However, some types of exercise can be relatively worse for pattern overload than others. And this can create discomfort in your tendons and fascia. One example would be exercising on gym machines to an excessive degree. People who work out using free weights have a significantly lower rate of pattern overload than those who work only on machines. The reason? When you’re working with a barbell or dumbbell the weight moves in accordance with your body, but when you’re exercising on a machine your body moves along the machine’s predetermined and fixed weight-track. Even Smith machines, which incorporate a minor level of flexibility, are much more limiting and permit less natural “body adjustment” as you go through your sets than free-weight barbells and dumbbells.

Then, on the other end of the spectrum, there is Crossfit. It’s not that I disapprove of Crossfit in and of itself. I think that the essential idea of Crossfit – do something different each day, and keep good track of your rest times – has a lot of merit, and there’s no doubt that the training is stimulating and fun. But there are some drawbacks as well, particularly when you view Crossfit in relation to tendon injuries.

At base, a Crossfit workout involves choosing two or three exercises for distaff bodyparts, and then doing a lot of those exercises using a predetermined weight for a set time. The down time between sets is normally about ten seconds, and you rotate between exercises. As an example, one of the videos on the website shows three women doing bodyweight squats, then pull-ups/presses on gymnastic rings, then hang cleans with a barbell.

If you simply do too much of a movement, even if that movement is something totally “free”, like swimming, you can acquire tendon and fascia issues if you exercise so much that the amount exceeds your body’s capacity to recover. And this is where I have a problem with Crossfit. Yes, it’s true that on their site they pay a lot of lip service to not doing too much, but the reality is that they use technically complex movements (like cleans) and push to the point where correct form totally breaks down. It’s not the greatest idea for younger athletes, and for older ones it’s an almost sure-fire recipe for injury.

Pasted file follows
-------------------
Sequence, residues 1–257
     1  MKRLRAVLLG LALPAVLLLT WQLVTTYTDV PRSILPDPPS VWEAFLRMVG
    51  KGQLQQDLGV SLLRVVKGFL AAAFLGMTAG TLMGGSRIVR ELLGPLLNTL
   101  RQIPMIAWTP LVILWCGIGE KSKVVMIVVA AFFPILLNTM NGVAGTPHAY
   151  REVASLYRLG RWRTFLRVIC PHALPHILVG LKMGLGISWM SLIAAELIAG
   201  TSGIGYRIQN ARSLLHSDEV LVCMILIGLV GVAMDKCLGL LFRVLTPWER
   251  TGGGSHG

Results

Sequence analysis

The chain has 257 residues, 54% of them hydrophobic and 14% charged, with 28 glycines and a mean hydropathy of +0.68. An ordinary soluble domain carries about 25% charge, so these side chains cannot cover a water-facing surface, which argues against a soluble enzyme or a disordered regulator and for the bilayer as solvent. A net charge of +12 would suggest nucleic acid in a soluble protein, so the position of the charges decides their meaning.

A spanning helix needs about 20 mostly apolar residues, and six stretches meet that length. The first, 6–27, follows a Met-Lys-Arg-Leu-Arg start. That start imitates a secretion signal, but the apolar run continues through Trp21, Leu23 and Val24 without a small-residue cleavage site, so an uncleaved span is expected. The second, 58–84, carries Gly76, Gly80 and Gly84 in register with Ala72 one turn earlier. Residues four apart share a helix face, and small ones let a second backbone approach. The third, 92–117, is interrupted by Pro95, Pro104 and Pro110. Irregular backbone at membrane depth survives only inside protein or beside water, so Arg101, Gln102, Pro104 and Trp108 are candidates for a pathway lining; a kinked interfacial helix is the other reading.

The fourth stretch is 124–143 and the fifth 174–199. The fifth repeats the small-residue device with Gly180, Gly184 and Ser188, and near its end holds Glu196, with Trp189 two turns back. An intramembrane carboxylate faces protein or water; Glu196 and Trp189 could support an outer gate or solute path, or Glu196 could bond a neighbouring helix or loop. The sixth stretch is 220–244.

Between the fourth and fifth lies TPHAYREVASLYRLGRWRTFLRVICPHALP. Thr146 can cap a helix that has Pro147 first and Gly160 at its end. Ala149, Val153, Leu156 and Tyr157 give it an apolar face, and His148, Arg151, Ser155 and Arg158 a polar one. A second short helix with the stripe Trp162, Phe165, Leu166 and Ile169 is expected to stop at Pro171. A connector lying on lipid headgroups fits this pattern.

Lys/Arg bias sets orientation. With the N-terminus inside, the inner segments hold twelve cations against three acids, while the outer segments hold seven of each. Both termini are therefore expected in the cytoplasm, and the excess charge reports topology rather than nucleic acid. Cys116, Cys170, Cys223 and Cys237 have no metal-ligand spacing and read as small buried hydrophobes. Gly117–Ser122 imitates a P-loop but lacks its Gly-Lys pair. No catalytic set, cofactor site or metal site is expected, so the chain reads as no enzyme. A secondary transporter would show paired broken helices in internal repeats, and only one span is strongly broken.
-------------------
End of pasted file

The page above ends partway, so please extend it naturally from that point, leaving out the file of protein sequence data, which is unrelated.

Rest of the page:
Naturally, you need to push yourself to some extent if you would like to make your body better. But there is a question of degree. Without getting into a long discussion about exercise theory, the bottom line is this: the idea is to provide enough stimulation to create an adaptation response, but not so much that it becomes too difficult to recover from the workout. As the great Lee Haney said, “Stimulate, don’t annihilate.” All too often, Crossfit crosses that boundary.

So if you’re suffering from fascia or tendon pain and have an exercise program (or doing some form of work) that incorporates too much pattern overload — either through limited and unnatural movement or by simply having too much volume — think about ways that will allow you to reduce or get around the problem. (You can take the free test on this page to see what sort of pain it really is.) You don’t have to stop exercising, but you will almost certainly be better off if you find ways to change up your routine a bit.

Author: Alex Nordach

Levaquin and fasciitis

Levaquin. It’s a drug that can completely destroy your body’s connective tissue, and I am encountering more and more people who have taken it at some point in the past and now have what seems to be irreparable tendon and fascia damage. Tendon problems get the most press, but it’s a fact that the fascia are often affected as well. I intend to write a more in-depth post about this topic soon, but for now, if you are suffering from tendon or fascia pain as a result of taking Levaquin, well… the outlook unfortunately isn’t very good.